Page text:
Sagastad knowledge center opens on May 10

New Viking ship hits the fjord

Photo: Lars Lunde
The new Myklebust ship was launched onto Nordfjordeid the last weekend in April.

Solveig Midtbø
Sagastad

On May 10, Sagastad, a new knowledge center about the Viking Age, opened in western Norway. The main attraction is the 30-meter (100 ft. long) Myklebust ship. Norwegian Minister of Research and Higher EducationIselin Nybø was present for the festivities.

“Sagastad is a knowledge center about the Viking Age of national scope, developing in professional cooperation with the University of Bergen,” notes Sagastad Director Kjell Storeide.

Sagastad is located on the Nordfjordeid, where the original Myklebust ship was found in one of the country’s largest and most spectacular Viking graves: a burial mound still visible today. In addition, there are several other graves from the Viking Age at Nordfjordeid, which confirm the city’s central role at this time.

The new knowledge center tells the story of the Myklebust ship with modern technology as well as the history of other burial sites, life in the Viking Age, myths, and traditions. Last but not least: visitors to Sagastad will have the opportunity to go aboard a real Viking ship, “the largest we know of in Norwegian history,” notes Solveig Midtbø, who is in charge of rentals.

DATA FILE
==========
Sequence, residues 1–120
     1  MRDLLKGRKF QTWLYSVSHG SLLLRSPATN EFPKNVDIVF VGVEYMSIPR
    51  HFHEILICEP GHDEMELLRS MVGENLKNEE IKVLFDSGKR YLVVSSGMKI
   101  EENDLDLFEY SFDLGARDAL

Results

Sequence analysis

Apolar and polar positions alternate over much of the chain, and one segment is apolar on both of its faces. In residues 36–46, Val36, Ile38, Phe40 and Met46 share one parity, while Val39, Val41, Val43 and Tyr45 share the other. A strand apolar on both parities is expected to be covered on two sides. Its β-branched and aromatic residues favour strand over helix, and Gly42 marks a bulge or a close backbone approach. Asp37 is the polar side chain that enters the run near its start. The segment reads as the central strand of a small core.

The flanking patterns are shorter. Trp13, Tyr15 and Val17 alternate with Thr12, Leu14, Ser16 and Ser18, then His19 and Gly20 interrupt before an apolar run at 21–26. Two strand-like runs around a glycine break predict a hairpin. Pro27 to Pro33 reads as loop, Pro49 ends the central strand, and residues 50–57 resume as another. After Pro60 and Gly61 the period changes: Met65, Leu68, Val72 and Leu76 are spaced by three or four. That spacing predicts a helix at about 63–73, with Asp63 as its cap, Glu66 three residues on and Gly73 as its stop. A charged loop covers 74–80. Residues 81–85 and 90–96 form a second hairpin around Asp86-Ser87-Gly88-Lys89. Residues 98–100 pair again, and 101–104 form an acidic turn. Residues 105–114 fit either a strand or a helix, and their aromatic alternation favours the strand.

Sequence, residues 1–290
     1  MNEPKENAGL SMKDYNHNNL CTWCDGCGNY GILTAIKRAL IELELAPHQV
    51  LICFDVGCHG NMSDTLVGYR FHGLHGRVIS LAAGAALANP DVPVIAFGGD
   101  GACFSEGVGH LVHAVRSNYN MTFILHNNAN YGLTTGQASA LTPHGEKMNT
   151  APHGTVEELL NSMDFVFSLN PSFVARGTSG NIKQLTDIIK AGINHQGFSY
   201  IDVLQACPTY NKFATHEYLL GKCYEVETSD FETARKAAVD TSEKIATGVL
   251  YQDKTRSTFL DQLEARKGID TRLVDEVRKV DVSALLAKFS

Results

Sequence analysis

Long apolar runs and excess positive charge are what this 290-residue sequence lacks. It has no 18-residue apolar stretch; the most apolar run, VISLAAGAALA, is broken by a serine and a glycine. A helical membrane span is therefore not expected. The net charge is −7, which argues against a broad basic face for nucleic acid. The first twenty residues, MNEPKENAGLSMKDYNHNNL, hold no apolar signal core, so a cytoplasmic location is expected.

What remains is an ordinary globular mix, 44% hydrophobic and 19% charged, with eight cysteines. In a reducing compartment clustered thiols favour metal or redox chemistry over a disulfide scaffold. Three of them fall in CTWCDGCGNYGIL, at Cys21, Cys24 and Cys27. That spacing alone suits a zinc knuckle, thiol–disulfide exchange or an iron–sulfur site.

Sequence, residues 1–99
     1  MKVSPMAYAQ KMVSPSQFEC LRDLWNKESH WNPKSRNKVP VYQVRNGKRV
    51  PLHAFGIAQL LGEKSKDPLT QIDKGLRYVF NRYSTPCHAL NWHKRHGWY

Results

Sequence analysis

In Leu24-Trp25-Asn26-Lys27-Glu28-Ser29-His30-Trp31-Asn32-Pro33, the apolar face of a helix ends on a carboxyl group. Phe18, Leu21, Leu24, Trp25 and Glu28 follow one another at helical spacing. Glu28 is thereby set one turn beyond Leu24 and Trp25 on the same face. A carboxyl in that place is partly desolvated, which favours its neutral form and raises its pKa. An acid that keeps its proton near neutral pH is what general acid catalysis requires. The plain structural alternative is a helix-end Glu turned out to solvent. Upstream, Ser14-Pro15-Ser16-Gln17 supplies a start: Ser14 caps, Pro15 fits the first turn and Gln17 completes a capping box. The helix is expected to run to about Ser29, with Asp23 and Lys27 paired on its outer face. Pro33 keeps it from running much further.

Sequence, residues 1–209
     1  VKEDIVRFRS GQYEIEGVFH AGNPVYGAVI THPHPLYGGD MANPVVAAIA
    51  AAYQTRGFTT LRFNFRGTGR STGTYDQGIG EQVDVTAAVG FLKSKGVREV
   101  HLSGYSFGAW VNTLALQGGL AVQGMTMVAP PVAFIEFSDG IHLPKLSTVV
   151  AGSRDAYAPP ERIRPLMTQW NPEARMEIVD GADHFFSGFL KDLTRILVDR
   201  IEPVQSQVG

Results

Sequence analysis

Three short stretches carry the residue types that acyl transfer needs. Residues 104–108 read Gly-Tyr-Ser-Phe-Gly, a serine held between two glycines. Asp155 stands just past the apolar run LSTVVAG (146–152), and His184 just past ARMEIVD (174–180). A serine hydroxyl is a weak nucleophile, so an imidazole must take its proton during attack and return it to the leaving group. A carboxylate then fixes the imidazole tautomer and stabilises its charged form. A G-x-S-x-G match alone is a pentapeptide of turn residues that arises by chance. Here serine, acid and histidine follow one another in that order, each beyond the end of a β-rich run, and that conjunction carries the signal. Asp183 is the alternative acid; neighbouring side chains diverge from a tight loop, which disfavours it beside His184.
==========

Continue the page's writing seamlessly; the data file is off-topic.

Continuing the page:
Both the Myklebust ship and Sagastad are spectacular and unique. The Myklebust ship was built by boat builders from Bjørkedalen in Volda, 15 minutes from Nordfjord­eid, part of an uninterrupted, 1,000-year boat building tradition. About 10,000 working hours were spent recreating the ship.

The Sagastad building is both a “modern boathouse” and a visual recreation of the burial mound in which the ship was found. The circular building is 35 meters (115 ft.) in diameter, built in glass and black wood, with low energy consumption. For the most part, the building is heated with seawater from the fjord and solar cells on the roof. The Myklebust ship can be launched directly from the Sagastad building, a combination exhibition center and boathouse.

Entrance to Sagastad was free on opening day. In the evening, there was a concert with Einar Selvik from Wardruna, one of Norway’s most prominent interpreters of music from the Viking Age. The next day was family day, with concerts by Oselie and Viking musician Kjell Braaten. With horses from a local recreational farm and a visit from the Women’s Ship Embla in the surrounding park, it was a day of fun, excitement, and learning for all.

For more information about Sagastad, visit: www.sagastad.no/en.

Translated by Lori Ann Reinhall.

This article originally appeared in the May 17, 2019, issue of The Norwegian American. To subscribe, visit SUBSCRIBE or call us at (206) 784-4617.

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